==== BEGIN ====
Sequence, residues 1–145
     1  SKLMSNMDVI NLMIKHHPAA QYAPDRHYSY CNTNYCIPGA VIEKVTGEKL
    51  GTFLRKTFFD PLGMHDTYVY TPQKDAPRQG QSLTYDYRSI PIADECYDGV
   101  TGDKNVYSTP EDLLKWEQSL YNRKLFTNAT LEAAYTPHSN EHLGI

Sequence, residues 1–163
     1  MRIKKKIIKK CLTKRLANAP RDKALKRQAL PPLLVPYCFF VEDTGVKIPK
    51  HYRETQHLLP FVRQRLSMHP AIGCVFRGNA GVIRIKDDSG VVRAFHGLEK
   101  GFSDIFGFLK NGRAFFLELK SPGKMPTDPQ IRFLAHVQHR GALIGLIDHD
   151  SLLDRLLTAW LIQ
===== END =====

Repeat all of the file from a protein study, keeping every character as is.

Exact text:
Sequence, residues 1–145
     1  SKLMSNMDVI NLMIKHHPAA QYAPDRHYSY CNTNYCIPGA VIEKVTGEKL
    51  GTFLRKTFFD PLGMHDTYVY TPQKDAPRQG QSLTYDYRSI PIADECYDGV
   101  TGDKNVYSTP EDLLKWEQSL YNRKLFTNAT LEAAYTPHSN EHLGI

Sequence, residues 1–163
     1  MRIKKKIIKK CLTKRLANAP RDKALKRQAL PPLLVPYCFF VEDTGVKIPK
    51  HYRETQHLLP FVRQRLSMHP AIGCVFRGNA GVIRIKDDSG VVRAFHGLEK
   101  GFSDIFGFLK NGRAFFLELK SPGKMPTDPQ IRFLAHVQHR GALIGLIDHD
   151  SLLDRLLTAW LIQ